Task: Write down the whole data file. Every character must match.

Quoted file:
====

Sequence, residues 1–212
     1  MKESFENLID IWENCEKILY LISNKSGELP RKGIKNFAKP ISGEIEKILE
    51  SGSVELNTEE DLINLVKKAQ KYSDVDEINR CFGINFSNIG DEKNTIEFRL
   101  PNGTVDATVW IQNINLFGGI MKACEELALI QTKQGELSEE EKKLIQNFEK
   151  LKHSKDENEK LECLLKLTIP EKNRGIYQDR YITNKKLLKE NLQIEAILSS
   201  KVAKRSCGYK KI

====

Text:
Sequence, residues 1–212
     1  MKESFENLID IWENCEKILY LISNKSGELP RKGIKNFAKP ISGEIEKILE
    51  SGSVELNTEE DLINLVKKAQ KYSDVDEINR CFGINFSNIG DEKNTIEFRL
   101  PNGTVDATVW IQNINLFGGI MKACEELALI QTKQGELSEE EKKLIQNFEK
   151  LKHSKDENEK LECLLKLTIP EKNRGIYQDR YITNKKLLKE NLQIEAILSS
   201  KVAKRSCGYK KI